Even from the early days as co-founder of art rock icons Sonic Youth, Thurston Moore always sought refuge in far weirder side projects and one-off collaborations. While Sonic Youth always stood on the edge of indie rock and noisy cacophony, Thurston's on-the-side dabblings delved far deeper into insane noise, guitar squall, and free jazz-informed improvisation, enough so to make his main band seem tame by comparison. Drummer John Moloney, no slouch himself, was a founding member of Boston-born experimental tribe Sunburned Hand of the Man and spent years pushing the boundaries of abstract rock sounds, eventually falling in with Moore as a member of his early-2010s band Chelsea Light Moving, among other things. Somewhere in there, the two players got together for a series of guitar/drum duets, under their own names in a series entitled Caught on Tape. Full Bleed represents a slightly different side of the duo, as it veers away from the sprawling drones or jazz-minded free noise of earlier limited-edition recordings, opting instead for a mood far more violent and eruptive. Indeed, the nine improvised blasts of Full Bleed feel songlike, instantaneously composed explosions with heavy leanings toward the hate-fueled fury of metal and the sloppy bad attitude of punk. Recorded in true improv style in a single date, the set begins with "Age Limit," a plodding series of anguished feedback sludge that gets broken up by nervous, skittering playing from both drum kit and mangled, chiming guitar squeaks. The song ends with a straightforward punk beat and Thurston's distorted guitar struggling to produce something other than black-hearted noise. The title track goes further down the path of lurching, minimal metal and detuned guitar sputtering as Moloney holds down a dour, shiftless beat. This tortured slowness shifts into spazzy noise moments on the crying squall of "Self-Rule," and as the set burns on the duo stays in a dark place, resorting only occasionally to respites of dreamy prettiness before going back into darkness and confusion. Full Bleed is a harrowing journey, but won't come as too much of a surprise to anyone who's been following Moore's exploits on the sidelines. Aspiring to both the abandon of spiritual jazz and the burning nihilism of black metal, Moloney and Moore land somewhere else entirely, in a bleak world of noise and disdain that sounds like a state of mind both players feel alarmingly at home in.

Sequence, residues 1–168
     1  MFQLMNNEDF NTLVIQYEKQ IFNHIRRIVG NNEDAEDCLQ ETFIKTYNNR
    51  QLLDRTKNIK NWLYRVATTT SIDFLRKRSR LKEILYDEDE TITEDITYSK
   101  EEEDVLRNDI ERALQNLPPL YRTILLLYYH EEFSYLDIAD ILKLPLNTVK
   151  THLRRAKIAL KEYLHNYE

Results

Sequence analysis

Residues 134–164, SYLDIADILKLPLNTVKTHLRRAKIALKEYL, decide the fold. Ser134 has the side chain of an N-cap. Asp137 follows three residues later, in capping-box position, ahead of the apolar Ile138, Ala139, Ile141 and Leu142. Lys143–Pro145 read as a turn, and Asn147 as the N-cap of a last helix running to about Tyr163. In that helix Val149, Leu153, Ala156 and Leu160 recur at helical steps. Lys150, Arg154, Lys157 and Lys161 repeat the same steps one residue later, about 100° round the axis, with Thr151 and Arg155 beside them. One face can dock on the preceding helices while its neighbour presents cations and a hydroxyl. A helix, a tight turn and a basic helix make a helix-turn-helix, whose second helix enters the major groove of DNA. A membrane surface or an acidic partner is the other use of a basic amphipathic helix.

AllMusic Review by Fred Thomas